Busch likens task to Gideon's
November 16 2001 by Jimmy Allen , BR Assistant Editor

Busch likens task to Gideon's | Friday, Nov 16, 2001

Friday, Nov 16, 2001

Busch likens task to Gideon's

By Jimmy Allen BR Assistant Editor WINSTON-SALEM - More than 2,100 people groups representing about 2 billion people are still without access to the gospel, Woodrow Busch said during the sermon for the annual meeting of the Baptist State Convention. Busch, pastor of First Baptist Church, Murphy, compared the mobilization needed to reach those people to the effort by Gideon as told in Judges 7:2-21.

"This small army, under the command of Gideon, led and empowered by God claimed a marvelous victory," Busch said.

He described some of the qualities of Gideon's army that Baptists need in order to proclaim the gospel around the world.

First, is courage. Gideon got rid of the fearful because fear is infectious, he said. "I like the spirit of the army sergeant who, in the middle of a heavy battle, looked up and said, 'Men, we're surrounded by the enemy; don't let a one of them escape.'

"If we are to proclaim the gospel to the ends of the earth it will take courage," Busch said.

Second is watchfulness. When Gideon's 10,000 soldiers went to get a drink of water, all but 300 knelt to drink. The 300 lapped water out of their hands. "While the 300 drank they remained focused, vigilant and watchful."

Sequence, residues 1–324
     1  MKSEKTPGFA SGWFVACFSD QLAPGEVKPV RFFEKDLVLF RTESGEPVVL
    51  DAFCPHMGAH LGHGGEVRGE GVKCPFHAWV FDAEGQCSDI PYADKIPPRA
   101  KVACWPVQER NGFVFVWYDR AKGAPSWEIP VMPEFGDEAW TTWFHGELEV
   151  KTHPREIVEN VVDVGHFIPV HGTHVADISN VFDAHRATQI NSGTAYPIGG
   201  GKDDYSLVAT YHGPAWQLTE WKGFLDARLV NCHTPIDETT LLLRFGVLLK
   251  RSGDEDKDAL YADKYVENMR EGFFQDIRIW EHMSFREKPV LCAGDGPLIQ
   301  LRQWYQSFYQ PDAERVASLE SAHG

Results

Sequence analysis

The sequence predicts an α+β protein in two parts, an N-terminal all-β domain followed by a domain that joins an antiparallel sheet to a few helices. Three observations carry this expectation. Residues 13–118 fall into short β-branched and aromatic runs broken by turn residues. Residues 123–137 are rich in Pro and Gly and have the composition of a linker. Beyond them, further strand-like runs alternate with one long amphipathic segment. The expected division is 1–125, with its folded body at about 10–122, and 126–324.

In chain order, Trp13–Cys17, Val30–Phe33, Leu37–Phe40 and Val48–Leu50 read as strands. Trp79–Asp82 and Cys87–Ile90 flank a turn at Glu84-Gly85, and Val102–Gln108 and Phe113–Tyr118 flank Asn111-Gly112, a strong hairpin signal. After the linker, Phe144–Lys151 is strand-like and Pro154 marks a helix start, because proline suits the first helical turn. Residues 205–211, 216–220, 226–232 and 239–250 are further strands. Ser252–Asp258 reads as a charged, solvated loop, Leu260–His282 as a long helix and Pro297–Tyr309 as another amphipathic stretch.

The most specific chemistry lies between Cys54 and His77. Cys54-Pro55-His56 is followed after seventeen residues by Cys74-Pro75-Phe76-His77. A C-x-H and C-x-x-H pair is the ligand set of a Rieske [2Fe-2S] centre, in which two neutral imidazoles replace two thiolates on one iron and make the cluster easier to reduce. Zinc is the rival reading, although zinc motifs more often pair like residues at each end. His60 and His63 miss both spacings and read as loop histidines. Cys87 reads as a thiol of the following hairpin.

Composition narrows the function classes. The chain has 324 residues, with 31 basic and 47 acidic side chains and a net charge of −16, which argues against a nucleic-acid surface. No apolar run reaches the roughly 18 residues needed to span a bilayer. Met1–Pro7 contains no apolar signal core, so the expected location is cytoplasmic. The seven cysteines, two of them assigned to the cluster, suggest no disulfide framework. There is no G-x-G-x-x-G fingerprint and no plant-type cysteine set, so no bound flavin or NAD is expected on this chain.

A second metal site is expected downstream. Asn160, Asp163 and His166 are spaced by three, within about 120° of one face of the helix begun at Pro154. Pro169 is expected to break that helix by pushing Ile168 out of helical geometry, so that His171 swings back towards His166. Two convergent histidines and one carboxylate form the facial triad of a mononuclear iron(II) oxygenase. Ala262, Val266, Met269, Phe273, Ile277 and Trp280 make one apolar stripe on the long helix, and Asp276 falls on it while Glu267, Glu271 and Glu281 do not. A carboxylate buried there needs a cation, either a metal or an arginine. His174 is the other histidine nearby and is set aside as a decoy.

Third is confidence. "God revealed an amazing secret to Gideon - the outcome of this battle was already fixed," Busch said.

"Whether we know it or not the news in hell is that it's already over. This very Bible says when we stand up to Satan, he'll flee."

Fourth is obedience. Responding to the call is the "trigger that fires the gun."

"Proclaiming the gospel to the whole world is not just a slogan for Baptists, it is our passion, our heartbeat, our reason for being," he said.

The task is daunting but it is doable, he said, because the word of God assures victory, the witness of God actualizes victory and the worship of God anticipates it, he said.

The poem, You Jonah by Thomas Carlisle, closes with these words, Busch said: "'And Jonah stalked to his shaded seat and waited for God to come around to his way of thinking.' And God is still waiting for a host of Jonahs in their comfortable houses to come around to His way of loving."

"Come on North Carolina Baptists, let's come around to God's way of thinking and loving, and mobilize and proclaim the gospel to the entire world," Busch said.

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11/16/2001 12:00:00 AM by Jimmy Allen , BR Assistant Editor | with 0 comments
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